chapter  Chapter 3
10 Pages

Vascularization of the Intrahepatic Biliary Tree and Its Role in the Regulation of Cholangiocyte Growth

WithEugenio Gaudio, Paolo Onori, Antonio Franchitto, Roberta Sferra, Antonella Vetuschi, Sergio Morini, Gianfranco Alpini, Domenico Alvaro

The structure of the peribiliary plexus (PBP) in the normal liver has been the subject of a number of studies using both light microscopy, and scanning electron microscopy observations. The PBP, that stems from the hepatic artery branches and flows into the hepatic sinusoids, nourishes the biliary tree and plays a fundamental role in supporting the secretory and absorptive functions of the biliary epithelium. Little information is available on the rearrangement of the PBP in human liver diseases and in experimental models characterized by proliferation of bile ducts. Bile duct ligation in rats induces marked proliferation of bile ducts. Our group investigated the relationships between proliferation of bile duct cells and peribiliary plexus after common bile duct ligation (BDL) in the rat.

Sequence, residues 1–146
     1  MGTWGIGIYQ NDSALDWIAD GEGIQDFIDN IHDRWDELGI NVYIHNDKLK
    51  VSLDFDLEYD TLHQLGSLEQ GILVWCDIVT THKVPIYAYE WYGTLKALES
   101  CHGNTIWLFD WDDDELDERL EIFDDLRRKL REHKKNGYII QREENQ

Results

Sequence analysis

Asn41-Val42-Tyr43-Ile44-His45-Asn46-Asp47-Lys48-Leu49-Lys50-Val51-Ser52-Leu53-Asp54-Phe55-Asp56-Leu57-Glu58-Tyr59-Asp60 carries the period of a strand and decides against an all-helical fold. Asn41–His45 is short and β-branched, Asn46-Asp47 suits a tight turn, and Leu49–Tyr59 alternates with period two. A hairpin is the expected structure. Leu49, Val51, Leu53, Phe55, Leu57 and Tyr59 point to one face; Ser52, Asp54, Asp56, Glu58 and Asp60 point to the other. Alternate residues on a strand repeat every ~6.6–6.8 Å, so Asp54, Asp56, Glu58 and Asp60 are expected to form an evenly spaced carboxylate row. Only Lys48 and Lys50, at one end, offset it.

After one week of BDL, a normal organization of the sinusoidal network persists despite significant proliferation of the bile ducts, whereas after three weeks of BDL a typical, well-developed peribiliary plexus is present. The peribiliary plexus runs at the periphery of the liver lobule and consists as bundles of vessels, composed of capillaries of homogeneous diameter with a typical loose round mesh structure. There is no evidence of vascular proliferation or other morphological modifications at the level of sinusoids. Considering the enormous expansion of the PBP during BDL, we evaluated if vascular endothelial growth factor (VEGF) acts as an angiogenic factor in BDL rats. In normal rat livers, VEGF is expressed only in scattered hepatocytes within the periportal zone. As a novel observation, our group observed that in BDL rats, VEGF was expressed by a large number of hepatocytes near the areas of cholangiocyte proliferation, and a strong VEGF immunolocalization was observed in proliferating cholangiocytes. These data were also confirmed in vitro by Western-Blot and RT-PCR analysis. Our findings indicate that the intrahepatic biliary epithelium expresses VEGF particularly during cholangiocyte proliferation. These novel data can be helpful in clarifying the mechanisms triggering the intense vascular proliferative response occurring during BDL.